Women’s History Month Quiz
In honor of Women’s History Month in March, you can enjoy one of our newest virtual games, the Wonder Women in History Virtual Scavenger Hunt. As you explore museum websites and virtual tours to answer tricky questions, you’ll meet 20 powerful women and discover their world-changing stories.
To get you warmed up, take a crack at this trivia game of Women’s History Month trivia questions.
Women’s History Month Trivia Questions
1. Long before it expanded to a month, the first Women’s History Day was celebrated on February 28, 1909. It marked the one-year anniversary of a march by 15,000 women in New York City. They were protesting the awful working conditions in what sort of industry?
The garment, or clothing, industry
Protestors included workers from the Triangle Shirtwaist Company, only a few years before a deadly fire there, pushed lawmakers to pass worker-protection legislation.
2. In the United Kingdom, the suffragette movement succeeded in earning voting rights for women and who else?
The Representation of the People Act 1918 granted voting rights both to women and to nearly 6 million working-class men who couldn’t vote either.
3. Speaking of British suffragettes, they were often injured and mistreated during arrests. To combat that, what did Edith Margaret Garrud, pictured above, teach her fellow suffragettes in the early 1900s?
Garrud trained a special group of about 30 women to use the martial art. They were so good at resisting arrest that they were dubbed “the Amazons” and “the Bodyguard.”
4. What sudsy craft started out as a woman’s gig?
Around the world, making beer was originally the province of “alewives.” In fact, the oldest known description of beer brewing is a Sumerian hymn to Ninkasi, the goddess of beer.
5. During the 1930s and ’40s, what First Lady held some 348 press conferences exclusively for women reporters?
Her press conferences covered issues “of special interest and value to the women of the country.”
6. Now a symbol of women workers during World War II, what fictional character actually didn’t become famous until the 1980s?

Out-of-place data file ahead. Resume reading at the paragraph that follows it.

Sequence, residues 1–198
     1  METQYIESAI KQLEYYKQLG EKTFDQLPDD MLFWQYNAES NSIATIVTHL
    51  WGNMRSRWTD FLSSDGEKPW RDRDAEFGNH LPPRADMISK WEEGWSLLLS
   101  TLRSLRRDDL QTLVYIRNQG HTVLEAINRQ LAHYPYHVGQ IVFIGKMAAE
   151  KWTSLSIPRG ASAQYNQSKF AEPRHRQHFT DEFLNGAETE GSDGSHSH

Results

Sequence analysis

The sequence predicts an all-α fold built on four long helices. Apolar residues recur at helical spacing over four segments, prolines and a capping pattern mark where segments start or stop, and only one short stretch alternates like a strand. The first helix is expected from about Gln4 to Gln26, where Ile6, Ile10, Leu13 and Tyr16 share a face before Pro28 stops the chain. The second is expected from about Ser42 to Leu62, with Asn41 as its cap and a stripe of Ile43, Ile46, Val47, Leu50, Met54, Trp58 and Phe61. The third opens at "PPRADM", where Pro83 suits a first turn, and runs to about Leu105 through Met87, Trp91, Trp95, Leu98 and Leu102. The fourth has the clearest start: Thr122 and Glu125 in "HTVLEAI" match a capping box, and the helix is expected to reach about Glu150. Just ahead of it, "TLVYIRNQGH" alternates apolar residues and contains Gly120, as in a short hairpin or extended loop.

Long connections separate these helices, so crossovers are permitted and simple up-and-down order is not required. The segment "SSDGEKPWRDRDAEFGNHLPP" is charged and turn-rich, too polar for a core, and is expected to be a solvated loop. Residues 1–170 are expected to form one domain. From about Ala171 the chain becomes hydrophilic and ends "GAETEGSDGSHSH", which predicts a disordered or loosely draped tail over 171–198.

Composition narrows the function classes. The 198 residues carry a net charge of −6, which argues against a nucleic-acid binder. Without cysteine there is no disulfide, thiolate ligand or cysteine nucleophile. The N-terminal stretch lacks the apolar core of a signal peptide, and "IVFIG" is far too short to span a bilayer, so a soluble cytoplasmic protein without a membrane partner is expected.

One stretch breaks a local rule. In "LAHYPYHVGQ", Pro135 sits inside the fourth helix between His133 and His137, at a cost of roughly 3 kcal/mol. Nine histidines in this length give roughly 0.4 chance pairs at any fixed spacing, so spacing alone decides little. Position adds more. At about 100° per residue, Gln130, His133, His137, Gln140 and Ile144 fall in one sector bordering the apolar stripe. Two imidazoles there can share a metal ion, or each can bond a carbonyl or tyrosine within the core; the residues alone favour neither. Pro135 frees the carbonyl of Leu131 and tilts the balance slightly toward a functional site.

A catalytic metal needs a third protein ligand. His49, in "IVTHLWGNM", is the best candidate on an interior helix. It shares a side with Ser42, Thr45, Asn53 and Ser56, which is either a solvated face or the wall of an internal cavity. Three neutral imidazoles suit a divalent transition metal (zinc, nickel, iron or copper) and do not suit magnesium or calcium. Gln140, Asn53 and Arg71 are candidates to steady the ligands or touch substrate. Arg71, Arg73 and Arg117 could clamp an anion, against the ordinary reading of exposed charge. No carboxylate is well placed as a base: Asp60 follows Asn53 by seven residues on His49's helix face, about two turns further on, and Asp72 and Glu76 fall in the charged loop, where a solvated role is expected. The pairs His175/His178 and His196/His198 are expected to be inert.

Rosie the Riveter
Westinghouse Electric Corporation stopped using the famous “We Can Do It!” image featuring Rosie after only two weeks in 1943. In 1980s, the National Archives licensed the image to sell on merchandise and make up for Reagan-era budget cuts.
7. In 1966, Bobbi Gibb became the first woman to complete the Boston Marathon—unofficially, because the Amateur Athletic Union sanctioned only men to compete in marathons. At that time, what was the longest-distance race sanctioned for women in the United States?
A mile and half
Gibb’s Boston Marathon performances in 1966, 1967, and 1968 helped force the AAU to change its policy, which it did in 1971.
8. What now-famous creature was pieced together in 1818 by a woman who had a nightmare after her friends swapped scary stories?
Mary Shelley’s Frankenstein is widely considered the first true work of science fiction. Her friend, the English poet Lord Byron, called the novel “a wonderful work for a girl.” Gross.
9. In the 1880s, journalist Nellie Bly put Phileas Fogg to shame when she did what in a mere 72 days?
Traveled around the world
The 25,000-mile journey was an especially amazing feat when you consider that airplanes hadn’t been invented yet. (Oh, and Phileas Fogg is the main character in Jules Vernes’ Around the World in 80 Days.)
10. In 1901, 63-year-old school teacher Annie Taylor became the first person in history to ride a wooden barrel where?
Over Niagara Falls
Riding inside a specially designed barrel, she survived with only a small cut on her head.
11. On June 18, 1983, Sally Ride broke two barriers: she became the first female astronaut in space, and the first…what?
Ride never came out publicly while she was alive. Instead, her official obituary announced it with an acknowledgment of her decades-long relationship with partner Tam O’Shaughnessy.
12. In 1869, Wyoming granted women the right to vote, hold public office, and own property. In 1890, what did Wyoming refuse to do unless it could keep those rights intact?
Become a state
Wyoming wouldn’t join the union until Congress begrudgingly agreed to keep those rights, decades before the 19th Amendment gave women around the U.S. the right to vote.
13. First-wave feminism comprised the fight for suffrage and equal rights. What was the title of Betty Friedan’s 1963 book, which essentially launched the more broader second-wave feminism of the ’60s, ’70s, and ’80s?
The Feminine Mystique
Friedan’s book explores the notion of women finding personal fulfillment outside of “traditional” gender roles.
14. In 1975, Junko Tabei became the first woman, and only the 36th person, to reach what lofty spot?
The summit of Mount Everest
In 1992, Tabei also became the first woman, and only the 11th person, to complete the Seven Summits challenge by climbing the highest peak on each continent.
15. In 1770, the British Parliament considered a bill that would punish women for witchcraft if they wore…what?
Wearing makeup was frowned upon at the time because of its “effects on men.”
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